Indirect Fire: Fire whole train as one 75mm artillery support unit and one 100mm artillery support unit, standard stats.
Side mgs were also fitted so 1 mg (3/60) may fire from the side of each artillery car. Each car has an AA mg in a top turret. These have no separate attacks but contribute to the standard 2 attacks for the HQ against aircraft. Close Assault 4
4 hits per car, save 6. A KO’d car will only be considered derailed if wholly or partly KO’d by indirect fire or aircraft bombs. Derailed cars may be detached but block the line. A car KO’d only by direct fire or only suppressed may move with the rest of the train. (These rules partly simulate possible damage to the tracks as well as the actual cars).

Locomotive/Tender: Count tender and loco as one unit. One mg may fire from each side (3/60).  Standard 2/30 for AA fire only. Measure all fire from command cupola. Two infantry units are carried. Close Assault 4. 4 hits, save 6. HQ may dismount. Train will be unable to move if loco is KO’d, in which case the train HQ must dismount. May move if suppressed, but infantry cannot dismount.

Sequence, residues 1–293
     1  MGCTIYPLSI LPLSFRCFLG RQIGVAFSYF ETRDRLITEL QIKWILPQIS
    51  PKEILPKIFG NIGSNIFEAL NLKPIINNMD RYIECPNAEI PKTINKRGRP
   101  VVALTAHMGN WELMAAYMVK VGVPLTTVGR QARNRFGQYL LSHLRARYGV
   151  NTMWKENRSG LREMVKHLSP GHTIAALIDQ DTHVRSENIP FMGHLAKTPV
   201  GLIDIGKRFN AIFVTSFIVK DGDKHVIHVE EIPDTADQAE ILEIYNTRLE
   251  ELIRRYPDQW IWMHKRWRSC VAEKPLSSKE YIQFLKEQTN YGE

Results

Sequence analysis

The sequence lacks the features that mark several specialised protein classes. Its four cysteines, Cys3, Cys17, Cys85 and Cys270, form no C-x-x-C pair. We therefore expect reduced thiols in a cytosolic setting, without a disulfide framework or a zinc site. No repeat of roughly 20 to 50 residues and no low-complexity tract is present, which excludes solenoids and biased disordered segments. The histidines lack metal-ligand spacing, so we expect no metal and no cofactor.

Notes.
I have assumed that gamers will want to fire each gun modelled on an artillery car separately in a gaming situation. The other approach might be to take each artillery car as a single 'tank' and give it combined stats of 3/40 AT and 3/100 AP. Another alternative would be give a 5 or 6 save against hits. Some trains had artillery cars with armour as thick as 25mm, though around 12mm seems to have been more common for the train as a whole. I have also read that armour-piercing rounds could sometimes pass through the cars without causing much damage, the room within the cars being of benefit in these circumstances. So perhaps a higher save is justified.